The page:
Les Wexner (left) with Ed Razek (right) at the 2016 Fragrance Foundation Awards.
Astrid Stawiarz | Stringer | Getty Images
Victoria’s Secret owner L Brands is about to lose its chief marketing officer Edward Razek, who’s pushed the retailer’s sexy image as long as he’s been there since the early 1980s.
L Brands CEO Les Wexner said in an internal memo circulated to staff, which was obtained by CNBC, that Razek told him a few weeks ago he wanted to resign in August.
Ed Wolf, SVP of brand and creative at L Brands, is set to serve as interim head of brand and creative, reporting to Wexner, the memo said. Bob Campbell, VP of creative at Victoria’s Secret, is set to serve as interim head of creative at Victoria’s Secret, “while we review how to transition Ed’s work,” Wexner said.
The memo also included commentary from Razek, who wrote: “With the exception of Les, I’ve been with L Brands longer than anyone. … But all good things must and do, inevitably, come to an end.”
An L Brands spokesperson declined to comment beyond the memo.
Razek’s departure comes as Victoria’s Secret has been losing market share and facing backlash as more women steer clear of its over-the-top lingerie and marketing around sexiness, using models with unattainable figures to sell the bras and underwear.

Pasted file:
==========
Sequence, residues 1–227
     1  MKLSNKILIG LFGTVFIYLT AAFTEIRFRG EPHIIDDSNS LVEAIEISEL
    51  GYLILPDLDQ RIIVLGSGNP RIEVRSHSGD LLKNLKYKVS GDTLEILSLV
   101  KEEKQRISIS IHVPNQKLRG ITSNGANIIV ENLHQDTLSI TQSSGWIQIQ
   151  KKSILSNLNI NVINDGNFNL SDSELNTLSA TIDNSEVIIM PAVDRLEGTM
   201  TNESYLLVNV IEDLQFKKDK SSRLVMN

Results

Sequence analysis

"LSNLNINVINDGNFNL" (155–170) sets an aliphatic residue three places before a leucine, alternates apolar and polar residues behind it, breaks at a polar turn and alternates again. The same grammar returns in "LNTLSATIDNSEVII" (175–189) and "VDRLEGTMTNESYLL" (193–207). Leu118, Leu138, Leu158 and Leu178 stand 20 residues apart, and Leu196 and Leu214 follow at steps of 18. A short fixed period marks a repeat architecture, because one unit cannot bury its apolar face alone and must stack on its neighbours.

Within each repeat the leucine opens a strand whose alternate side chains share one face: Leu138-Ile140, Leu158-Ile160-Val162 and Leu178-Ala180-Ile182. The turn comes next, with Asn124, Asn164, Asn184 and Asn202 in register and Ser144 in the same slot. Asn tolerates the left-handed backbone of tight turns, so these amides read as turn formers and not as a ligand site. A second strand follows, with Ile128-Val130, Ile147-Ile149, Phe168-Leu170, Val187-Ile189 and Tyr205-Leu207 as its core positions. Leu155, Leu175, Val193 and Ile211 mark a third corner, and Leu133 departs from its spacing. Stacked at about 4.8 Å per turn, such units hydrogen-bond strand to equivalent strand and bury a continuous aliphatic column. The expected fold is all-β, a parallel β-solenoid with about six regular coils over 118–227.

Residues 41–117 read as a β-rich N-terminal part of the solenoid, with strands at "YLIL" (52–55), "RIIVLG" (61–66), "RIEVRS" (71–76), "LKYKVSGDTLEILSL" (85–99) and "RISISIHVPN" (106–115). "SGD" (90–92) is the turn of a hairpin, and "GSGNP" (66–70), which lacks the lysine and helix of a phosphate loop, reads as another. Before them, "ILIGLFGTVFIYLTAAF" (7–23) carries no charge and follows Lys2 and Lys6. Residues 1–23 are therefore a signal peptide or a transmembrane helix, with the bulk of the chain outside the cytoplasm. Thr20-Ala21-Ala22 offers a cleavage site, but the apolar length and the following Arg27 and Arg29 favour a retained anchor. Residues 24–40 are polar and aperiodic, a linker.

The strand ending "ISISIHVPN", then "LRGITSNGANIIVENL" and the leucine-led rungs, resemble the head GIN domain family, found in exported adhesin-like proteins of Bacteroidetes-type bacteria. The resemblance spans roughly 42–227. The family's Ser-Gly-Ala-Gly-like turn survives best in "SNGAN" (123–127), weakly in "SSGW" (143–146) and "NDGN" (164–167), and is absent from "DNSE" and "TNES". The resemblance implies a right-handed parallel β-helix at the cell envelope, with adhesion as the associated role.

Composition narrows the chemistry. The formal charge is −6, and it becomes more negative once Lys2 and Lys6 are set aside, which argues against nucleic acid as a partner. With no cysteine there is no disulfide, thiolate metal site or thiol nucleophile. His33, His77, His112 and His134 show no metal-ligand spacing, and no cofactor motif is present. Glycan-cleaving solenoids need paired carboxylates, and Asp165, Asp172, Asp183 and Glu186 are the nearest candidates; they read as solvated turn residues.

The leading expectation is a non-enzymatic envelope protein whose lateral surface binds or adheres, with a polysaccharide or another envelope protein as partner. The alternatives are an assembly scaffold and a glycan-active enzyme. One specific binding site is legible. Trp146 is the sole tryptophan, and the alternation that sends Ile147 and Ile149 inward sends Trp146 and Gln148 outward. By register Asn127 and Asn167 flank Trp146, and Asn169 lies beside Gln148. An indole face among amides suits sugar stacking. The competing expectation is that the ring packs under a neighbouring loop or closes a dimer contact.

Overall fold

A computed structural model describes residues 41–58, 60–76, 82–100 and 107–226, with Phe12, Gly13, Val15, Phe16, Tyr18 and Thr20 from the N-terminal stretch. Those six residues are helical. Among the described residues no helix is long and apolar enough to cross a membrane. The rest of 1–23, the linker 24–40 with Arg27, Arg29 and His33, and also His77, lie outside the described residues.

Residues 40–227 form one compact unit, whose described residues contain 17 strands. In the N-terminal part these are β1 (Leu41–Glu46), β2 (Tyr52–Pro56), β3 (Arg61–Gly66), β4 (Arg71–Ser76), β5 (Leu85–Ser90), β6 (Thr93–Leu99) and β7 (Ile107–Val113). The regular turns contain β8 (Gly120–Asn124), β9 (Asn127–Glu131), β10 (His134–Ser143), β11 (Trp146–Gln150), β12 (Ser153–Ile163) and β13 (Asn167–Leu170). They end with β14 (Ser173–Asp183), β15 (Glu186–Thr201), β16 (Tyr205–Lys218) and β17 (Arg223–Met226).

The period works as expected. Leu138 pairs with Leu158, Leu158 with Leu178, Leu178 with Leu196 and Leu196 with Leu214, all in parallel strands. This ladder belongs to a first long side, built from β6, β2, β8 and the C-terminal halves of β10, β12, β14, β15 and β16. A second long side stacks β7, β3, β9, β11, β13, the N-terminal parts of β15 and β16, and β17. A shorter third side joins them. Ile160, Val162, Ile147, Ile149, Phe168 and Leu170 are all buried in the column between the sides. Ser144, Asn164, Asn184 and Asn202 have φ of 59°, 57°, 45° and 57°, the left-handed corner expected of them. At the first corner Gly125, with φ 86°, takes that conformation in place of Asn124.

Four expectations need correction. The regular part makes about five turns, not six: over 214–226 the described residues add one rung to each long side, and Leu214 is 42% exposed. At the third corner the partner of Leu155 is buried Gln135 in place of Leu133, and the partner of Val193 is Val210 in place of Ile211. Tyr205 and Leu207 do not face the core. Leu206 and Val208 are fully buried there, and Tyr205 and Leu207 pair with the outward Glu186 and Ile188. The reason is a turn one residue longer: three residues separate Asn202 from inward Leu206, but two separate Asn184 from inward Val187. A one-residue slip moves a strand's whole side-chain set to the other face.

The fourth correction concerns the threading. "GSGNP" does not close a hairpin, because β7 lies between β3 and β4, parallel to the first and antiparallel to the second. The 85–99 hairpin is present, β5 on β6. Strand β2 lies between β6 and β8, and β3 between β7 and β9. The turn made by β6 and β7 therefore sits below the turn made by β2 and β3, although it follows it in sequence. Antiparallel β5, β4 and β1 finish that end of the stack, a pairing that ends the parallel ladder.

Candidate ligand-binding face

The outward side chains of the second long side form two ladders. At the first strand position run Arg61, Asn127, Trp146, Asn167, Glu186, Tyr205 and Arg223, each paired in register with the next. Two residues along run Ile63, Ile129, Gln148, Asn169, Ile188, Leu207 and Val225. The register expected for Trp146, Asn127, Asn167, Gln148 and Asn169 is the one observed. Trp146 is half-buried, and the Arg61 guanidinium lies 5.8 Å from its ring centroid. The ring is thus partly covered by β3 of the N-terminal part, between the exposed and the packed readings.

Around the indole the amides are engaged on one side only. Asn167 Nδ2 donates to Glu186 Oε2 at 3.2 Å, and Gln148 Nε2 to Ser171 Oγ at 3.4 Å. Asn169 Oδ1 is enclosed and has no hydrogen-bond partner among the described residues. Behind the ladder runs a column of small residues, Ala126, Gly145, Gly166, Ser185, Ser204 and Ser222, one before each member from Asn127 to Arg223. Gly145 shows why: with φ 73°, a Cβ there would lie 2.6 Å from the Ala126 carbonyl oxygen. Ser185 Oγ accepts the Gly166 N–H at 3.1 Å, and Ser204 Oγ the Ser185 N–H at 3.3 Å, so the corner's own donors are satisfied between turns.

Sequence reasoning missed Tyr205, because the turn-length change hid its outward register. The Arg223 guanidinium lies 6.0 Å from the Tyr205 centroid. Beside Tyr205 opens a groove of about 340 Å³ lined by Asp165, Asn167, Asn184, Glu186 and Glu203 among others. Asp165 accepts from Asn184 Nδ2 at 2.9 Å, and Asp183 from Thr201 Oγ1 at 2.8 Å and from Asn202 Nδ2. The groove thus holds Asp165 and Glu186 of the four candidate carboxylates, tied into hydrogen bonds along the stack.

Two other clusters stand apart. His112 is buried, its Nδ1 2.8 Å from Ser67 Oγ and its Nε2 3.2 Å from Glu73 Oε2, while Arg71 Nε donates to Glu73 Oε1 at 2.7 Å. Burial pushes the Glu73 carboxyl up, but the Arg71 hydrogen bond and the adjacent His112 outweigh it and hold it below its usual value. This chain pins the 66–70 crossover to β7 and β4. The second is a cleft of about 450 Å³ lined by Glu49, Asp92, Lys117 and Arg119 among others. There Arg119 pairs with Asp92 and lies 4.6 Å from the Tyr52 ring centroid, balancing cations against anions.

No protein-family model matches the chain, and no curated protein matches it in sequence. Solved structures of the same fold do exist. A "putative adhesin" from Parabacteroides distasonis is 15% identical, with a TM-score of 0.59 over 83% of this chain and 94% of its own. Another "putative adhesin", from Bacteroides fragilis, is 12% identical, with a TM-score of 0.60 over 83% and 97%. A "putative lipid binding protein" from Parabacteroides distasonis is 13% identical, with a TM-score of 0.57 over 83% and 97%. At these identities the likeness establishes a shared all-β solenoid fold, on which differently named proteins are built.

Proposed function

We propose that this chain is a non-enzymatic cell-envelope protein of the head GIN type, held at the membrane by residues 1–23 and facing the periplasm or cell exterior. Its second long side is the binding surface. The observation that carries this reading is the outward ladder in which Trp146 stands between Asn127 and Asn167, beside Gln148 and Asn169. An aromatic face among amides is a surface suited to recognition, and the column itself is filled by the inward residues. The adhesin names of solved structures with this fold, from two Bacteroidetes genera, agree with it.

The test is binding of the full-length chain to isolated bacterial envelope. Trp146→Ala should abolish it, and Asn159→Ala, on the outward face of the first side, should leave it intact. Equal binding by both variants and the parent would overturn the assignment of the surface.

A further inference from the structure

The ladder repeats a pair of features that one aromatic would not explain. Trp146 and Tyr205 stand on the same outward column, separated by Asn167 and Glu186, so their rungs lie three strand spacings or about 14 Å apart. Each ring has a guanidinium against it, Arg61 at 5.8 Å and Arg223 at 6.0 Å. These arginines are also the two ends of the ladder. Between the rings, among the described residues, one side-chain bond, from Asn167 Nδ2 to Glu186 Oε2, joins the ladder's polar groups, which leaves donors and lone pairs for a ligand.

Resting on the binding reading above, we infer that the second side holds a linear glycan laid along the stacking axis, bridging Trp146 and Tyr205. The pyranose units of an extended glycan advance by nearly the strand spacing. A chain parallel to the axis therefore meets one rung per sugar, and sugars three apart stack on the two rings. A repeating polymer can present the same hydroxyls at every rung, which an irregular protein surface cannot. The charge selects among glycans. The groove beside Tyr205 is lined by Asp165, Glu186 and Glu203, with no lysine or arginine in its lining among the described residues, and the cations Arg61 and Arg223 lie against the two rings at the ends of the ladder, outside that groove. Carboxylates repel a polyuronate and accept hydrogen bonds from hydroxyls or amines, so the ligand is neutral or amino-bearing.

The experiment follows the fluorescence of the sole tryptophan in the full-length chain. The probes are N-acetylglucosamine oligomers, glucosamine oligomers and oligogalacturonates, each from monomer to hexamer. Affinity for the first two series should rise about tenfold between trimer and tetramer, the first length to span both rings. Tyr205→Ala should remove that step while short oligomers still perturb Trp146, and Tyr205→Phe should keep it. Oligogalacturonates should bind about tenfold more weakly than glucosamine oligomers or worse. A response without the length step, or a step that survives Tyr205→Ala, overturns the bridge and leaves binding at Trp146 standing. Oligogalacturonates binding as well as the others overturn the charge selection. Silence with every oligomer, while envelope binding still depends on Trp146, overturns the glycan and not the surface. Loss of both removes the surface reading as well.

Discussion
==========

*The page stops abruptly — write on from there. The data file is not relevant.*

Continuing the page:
Meantime, ratings have been falling off for its annual fashion show, which it won’t be broadcasting anymore on network television.
Razek caused more uproar on social media last year when he said in an interview with Vogue that the Victoria’s Secret fashion show shouldn’t include transgender models — because the event is supposed to be “a fantasy.” He later apologized.
Victoria’s Secret just recently brought in its first openly transgender model. Brazilian model Valentina Sampaio posted on her Instagram account last week a photo of herself backstage at a Victoria’s Secret photo shoot.
Furthermore, CEO Wexner has been scrutinized recently for his reported ties to accused child sex trafficker Jeffrey Epstein, who’s been said to exploit underage girls. L Brands has since hired outside counsel to review the company’s relationship with Epstein. It’s said it doesn’t believe Epstein “was ever employed by nor served as an authorized representative of the company.”
L Brands shares are down about 27% from a year ago.
The Wall Street Journal first reported on Razek’s pending resignation on Monday evening.